Pandemic vocabularies are now enriched with additional words

Batanes to Tawi-Tawi

Julmunir I. Jannaral

AS I write this Batanes To Tawi-Tawi Column my attention was called to the additional terms that I heard every now and then. Inasmuch as it is the time of Pandemic there are words that are quite not familiar to me and I called them “Pandemic Vocabularies.” One particular example is like the word “lockdown.” But I heard this term lockdown from the official announcement of the City Government of Cotabato when I officially assumed office some two years ago at PTV-8 which is the Television Station Branch of PTV-4 right in Cotabato City. That coincided when the Maute Group started to take control of Marawi City. That started also the use of the term “lockdown” since Cotabato City under Mayor Cynthia Guiani-Sayadi started to impose lockdown in the city wherein all vehicles coming in and out are carefully monitored.

Now when COVID-19 was announced in March 2020, I heard again the term lockdown since the people in our barangay here at Bacoor City, Cavite were also monitored since the village was declared under lockdown Thus their freedom of movement considering it is under lockdown were likewise monitored and only those with “quarantine” passes can pass through check points manned by Barangay Tanod..

So there you are another term had cropped up the word “quarantine.”

Although this word is very familiar to me since the word quarantine has been used since time immemorial by a government agency like the Bureau of Immigration & Deportation (BID).

Then the Tagalog word tulong that means help or relief is seldom use nowadays but what we can hear is the word “ayuda” from the Spanish term “ayudar” or that means to help.

Hence, due to the policy of quarantine and lockdown many have been arrested and detained.  In one instance last year it had resulted in one death when a former Army soldier who was having a war shock defied a police check point and a “trigger happy officer” instead of arresting the former soldier who was having a shoulder bag tried to fatally shoot the soldier that caused his instant death.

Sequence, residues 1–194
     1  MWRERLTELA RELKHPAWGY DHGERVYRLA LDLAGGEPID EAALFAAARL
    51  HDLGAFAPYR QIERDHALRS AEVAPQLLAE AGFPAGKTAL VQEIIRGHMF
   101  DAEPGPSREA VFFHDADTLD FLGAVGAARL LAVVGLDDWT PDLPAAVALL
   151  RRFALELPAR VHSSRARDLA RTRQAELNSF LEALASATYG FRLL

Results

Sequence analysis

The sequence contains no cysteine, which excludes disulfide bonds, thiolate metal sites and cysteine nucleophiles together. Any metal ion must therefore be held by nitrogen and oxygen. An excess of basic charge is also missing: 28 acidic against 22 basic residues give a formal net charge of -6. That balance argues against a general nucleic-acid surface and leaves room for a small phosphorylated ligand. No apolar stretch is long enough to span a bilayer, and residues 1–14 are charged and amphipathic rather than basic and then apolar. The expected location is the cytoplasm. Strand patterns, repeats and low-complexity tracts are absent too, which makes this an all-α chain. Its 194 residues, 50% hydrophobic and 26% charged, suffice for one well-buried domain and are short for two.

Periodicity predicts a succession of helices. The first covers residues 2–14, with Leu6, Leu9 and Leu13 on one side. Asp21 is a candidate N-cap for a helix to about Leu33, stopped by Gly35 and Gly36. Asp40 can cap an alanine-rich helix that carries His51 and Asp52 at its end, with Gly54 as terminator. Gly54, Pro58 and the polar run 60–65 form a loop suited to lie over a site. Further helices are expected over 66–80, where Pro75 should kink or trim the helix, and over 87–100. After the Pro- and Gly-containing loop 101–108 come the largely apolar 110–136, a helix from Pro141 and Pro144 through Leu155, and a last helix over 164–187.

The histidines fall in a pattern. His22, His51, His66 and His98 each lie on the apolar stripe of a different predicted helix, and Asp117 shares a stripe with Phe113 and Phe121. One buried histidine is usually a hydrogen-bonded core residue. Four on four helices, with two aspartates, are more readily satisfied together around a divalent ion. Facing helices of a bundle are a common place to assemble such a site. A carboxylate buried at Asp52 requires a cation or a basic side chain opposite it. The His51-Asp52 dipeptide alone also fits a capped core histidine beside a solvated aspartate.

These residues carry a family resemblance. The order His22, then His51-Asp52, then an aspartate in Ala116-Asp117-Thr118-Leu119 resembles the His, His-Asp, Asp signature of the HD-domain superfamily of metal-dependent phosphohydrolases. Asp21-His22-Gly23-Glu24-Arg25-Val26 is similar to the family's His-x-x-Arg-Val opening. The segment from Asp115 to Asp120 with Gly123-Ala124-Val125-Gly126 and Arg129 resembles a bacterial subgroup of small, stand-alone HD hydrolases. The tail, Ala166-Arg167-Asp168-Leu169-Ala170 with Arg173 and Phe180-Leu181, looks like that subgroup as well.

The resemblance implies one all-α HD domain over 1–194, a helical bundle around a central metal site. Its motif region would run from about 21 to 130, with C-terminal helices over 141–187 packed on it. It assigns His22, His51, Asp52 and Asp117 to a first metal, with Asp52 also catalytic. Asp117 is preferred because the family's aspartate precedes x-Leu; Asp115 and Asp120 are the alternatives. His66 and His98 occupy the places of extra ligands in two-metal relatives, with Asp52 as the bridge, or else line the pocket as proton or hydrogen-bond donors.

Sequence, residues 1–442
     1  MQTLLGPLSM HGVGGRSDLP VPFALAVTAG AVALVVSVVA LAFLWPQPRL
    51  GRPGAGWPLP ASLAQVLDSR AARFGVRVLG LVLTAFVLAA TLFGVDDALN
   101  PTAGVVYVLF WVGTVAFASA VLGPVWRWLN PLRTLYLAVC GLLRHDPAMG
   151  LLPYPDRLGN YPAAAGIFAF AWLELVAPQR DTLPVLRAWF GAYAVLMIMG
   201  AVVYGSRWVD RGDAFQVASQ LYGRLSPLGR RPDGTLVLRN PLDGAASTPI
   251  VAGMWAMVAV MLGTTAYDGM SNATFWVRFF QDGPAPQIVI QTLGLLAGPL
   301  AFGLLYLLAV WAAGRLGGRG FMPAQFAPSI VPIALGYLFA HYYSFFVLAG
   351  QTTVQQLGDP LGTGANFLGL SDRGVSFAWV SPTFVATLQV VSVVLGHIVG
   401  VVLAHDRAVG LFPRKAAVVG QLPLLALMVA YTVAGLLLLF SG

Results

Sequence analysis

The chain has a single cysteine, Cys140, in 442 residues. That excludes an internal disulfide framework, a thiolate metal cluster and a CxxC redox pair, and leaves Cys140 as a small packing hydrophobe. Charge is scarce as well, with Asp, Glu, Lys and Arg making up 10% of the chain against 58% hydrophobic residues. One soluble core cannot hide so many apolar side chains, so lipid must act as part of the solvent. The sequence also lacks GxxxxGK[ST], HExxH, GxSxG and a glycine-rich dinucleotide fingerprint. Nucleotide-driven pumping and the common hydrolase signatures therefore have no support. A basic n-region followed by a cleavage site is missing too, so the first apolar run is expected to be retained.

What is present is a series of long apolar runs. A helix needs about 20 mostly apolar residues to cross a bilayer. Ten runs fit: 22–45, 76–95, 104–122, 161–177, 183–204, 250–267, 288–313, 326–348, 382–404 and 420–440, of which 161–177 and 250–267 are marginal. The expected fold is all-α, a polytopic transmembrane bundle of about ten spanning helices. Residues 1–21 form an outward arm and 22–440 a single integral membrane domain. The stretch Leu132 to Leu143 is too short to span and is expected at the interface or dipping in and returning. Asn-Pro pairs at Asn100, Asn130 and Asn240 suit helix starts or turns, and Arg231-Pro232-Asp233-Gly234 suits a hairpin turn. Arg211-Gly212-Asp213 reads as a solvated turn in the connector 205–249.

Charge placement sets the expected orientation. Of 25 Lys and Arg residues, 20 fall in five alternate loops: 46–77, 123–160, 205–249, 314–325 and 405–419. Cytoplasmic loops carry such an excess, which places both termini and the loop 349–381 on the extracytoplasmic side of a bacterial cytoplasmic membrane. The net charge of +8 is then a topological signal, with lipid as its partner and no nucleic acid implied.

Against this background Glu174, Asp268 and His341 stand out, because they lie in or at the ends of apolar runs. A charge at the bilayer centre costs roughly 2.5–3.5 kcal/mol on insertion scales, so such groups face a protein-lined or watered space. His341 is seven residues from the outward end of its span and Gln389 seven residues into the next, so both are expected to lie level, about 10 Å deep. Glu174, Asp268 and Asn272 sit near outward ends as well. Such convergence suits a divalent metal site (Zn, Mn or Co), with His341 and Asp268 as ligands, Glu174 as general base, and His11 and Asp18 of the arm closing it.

Just recently here in Gen. Trias,  Cavite there is another victim of this quarantine and lockdown where the police are imposing the curfew hour that starts as early as 6:00 p.m.

A 28-yeard old man that the police tagged as curfew violator from and identified as Darren Peñaredondo  went out to get water past curfew hours last April 1.

When he was arrested by police enforcers he was punished and was ordered to perform 300 pushups. The routine exercise was accordingly strenuous, which resulted in his seizures, and was rushed to the hospital, where he eventually died.

Peñaredondo death was ruled to be caused by a stroke triggered by hypertension, “physical activities may have been a factor,” according to health professionals.

It also stressed that “police abuse over quarantine violations are not new,” and that more than 100,000 people had already been arrested from March to September 2020 alone.

Hence, due to the death of Peñaredondo, there will be no apprehension for curfew violators in the province of Cavite as part of the Inter-Agency Task Force for Management of Emerging Infectious Diseases guidelines, which means that no community service or physical activities will be slapped on curfew offenders.

Aside from terms lockdown, quarantine, ayuda which are now parts of pandemic vocabularies, a new term that I heard recently is the term bobble or “NCR bobble.”  This is in addition to the terms like bobble, often we can hear the word “essential” that means important.

Essential became viral lately when a motor rider who was delivering “lugaw” or arroz caldo past the 6:00 p.m. curfew hour was stopped by a female barangay tanod in San Jose del Monte, Bulacan and not permitted to pass through with her argument that “lugaw” is not part of an essential goods since after all people can exist even without “lugaw.” This has nevertheless became viral to the netizens in the Internet world.

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